Move to end 'slavery at sea' for fishing crews
A regional fisheries meeting in Pohnpei has produced an initiative to put responsibility for the conditions under which fishing crews work directly on fishing vessel operators. This is to be accomplished by putting crew conditions within the minimum requirements to obtain fishing licenses.
The new requirement was put forth at the annual Forum Fisheries Committee meeting in Pohnpei.
The outcome was hailed as “ground-breaking” by the 17 members of the organization as well as by international non-governmental-organizations present at the meeting.
Speaking at the meeting the Director-General of the FFA, Dr Manu-Tupou-Roosen, noted that the decision of members would now require embedding in national procedures.
“The fishing vessel operator will now become formally responsible for the health, welfare and safety of the crew while he or she is on board the vessel, and will be required to meet decent standards in respect of salary and conditions for all crew,” said Dr Tupou-Roosen.
“This is a giant step forward in helping to ensure that the ‘slavery at sea’ identified in other global fisheries does not blight the Pacific region. It will help ensure that basic human rights are protected for those working in our offshore tuna fishery.”
The Chairman of the meeting, Executive Director of Federated States of Micronesia’s National Oceanic Resource Management Authority, Eugene Pangelinan, observed that “while the region’s regional offshore tuna fisheries are already the most sustainably managed in the world, we now expect all operators in the fishery to treat crew members in a way that reflects the values and expectations of our combined membership.”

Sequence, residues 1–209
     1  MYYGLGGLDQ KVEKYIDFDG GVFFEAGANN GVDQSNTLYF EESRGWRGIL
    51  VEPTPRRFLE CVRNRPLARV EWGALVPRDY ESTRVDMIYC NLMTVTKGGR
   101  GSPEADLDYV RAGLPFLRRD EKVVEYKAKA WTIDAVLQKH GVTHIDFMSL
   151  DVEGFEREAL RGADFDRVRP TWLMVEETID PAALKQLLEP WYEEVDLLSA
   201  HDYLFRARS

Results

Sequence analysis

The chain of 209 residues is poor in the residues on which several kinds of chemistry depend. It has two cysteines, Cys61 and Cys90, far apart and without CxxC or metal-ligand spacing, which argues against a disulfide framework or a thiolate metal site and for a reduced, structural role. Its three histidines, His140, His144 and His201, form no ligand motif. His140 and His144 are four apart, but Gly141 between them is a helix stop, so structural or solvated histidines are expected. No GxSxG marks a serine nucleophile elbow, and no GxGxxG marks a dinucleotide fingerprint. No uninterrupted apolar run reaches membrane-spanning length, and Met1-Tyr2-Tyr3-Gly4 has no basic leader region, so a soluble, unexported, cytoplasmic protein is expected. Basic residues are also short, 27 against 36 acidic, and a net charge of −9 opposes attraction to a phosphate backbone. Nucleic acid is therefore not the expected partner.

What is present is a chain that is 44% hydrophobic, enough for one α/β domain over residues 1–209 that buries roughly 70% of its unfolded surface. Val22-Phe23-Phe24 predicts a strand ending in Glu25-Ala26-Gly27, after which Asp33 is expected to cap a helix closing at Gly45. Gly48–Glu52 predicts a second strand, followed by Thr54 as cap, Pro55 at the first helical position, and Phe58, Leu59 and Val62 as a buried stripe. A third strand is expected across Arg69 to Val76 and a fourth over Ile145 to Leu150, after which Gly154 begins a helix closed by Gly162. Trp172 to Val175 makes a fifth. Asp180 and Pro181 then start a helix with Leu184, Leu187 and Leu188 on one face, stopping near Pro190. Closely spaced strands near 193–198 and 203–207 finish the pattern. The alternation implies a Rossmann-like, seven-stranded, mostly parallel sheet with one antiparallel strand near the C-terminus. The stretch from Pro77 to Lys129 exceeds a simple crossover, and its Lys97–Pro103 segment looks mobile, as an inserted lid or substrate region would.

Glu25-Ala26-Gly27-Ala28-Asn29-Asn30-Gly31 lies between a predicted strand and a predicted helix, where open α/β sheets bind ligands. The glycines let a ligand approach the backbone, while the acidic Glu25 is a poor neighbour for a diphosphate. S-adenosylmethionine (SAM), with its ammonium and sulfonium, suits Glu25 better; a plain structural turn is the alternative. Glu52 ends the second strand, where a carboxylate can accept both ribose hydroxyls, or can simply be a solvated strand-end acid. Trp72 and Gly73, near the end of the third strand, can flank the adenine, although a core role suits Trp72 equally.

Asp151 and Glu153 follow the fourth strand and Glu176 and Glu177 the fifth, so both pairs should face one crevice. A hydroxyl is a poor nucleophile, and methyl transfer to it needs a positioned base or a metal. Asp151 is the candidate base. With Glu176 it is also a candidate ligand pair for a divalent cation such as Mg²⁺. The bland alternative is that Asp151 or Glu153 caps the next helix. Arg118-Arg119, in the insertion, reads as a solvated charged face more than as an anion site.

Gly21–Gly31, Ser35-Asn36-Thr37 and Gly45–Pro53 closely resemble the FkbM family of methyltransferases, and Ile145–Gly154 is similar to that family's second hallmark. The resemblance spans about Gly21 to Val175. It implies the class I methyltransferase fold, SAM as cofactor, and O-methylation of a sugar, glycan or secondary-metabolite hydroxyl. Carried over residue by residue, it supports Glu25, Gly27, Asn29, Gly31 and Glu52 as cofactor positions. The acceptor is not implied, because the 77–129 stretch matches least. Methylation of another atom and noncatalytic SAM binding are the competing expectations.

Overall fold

Executive Director Pangelinan also noted that by setting these standards more Pacific Island nationals will be motivated to become crew on fishing vessels thus meeting an objective to enhance local employment in the Industry. “This is a goal our Leaders have set us and we are proud to be taking this work forward.”
Participants at the meeting have noted heightened concerns over conditions in high seas fisheries, especially on foreign longline vessels which often require crew to stay at sea for up to a year with poor pay and conditions and harsh penalties for dissent.
The 17 member countries of the FFA also agreed on:
A final draft FFA Strategic Plan 2020-2025 for forwarding to Ministers for their endorsement when they meet next month.
Strengthened work on assessing the impacts of climate change on offshore fisheries;
A new Regional Longline Strategy to underpin stronger returns to island countries;
Enhanced measures to eliminate Illegal, Unreported and Unregulated fishing; and
Priorities for FFA members to take forward in the Western and Central Pacific Fisheries Commission.
This week was also a time of reflection for NORMA and FFA which are both celebrating 40 years of operation.
“I cannot stress enough that although much has been achieved in 40 years, there is still much to do particularly with emerging issues and challenges such as climate change. We work to ensure our people enjoy social and economic benefits from a sustainably managed offshore tuna resource and this wouldn’t be possible without key partnerships,” said Dr Tupou-Roosen.
Coincidently, the fisheries meeting concludes on the 40th anniversary of the FSM becoming a self-governing nation.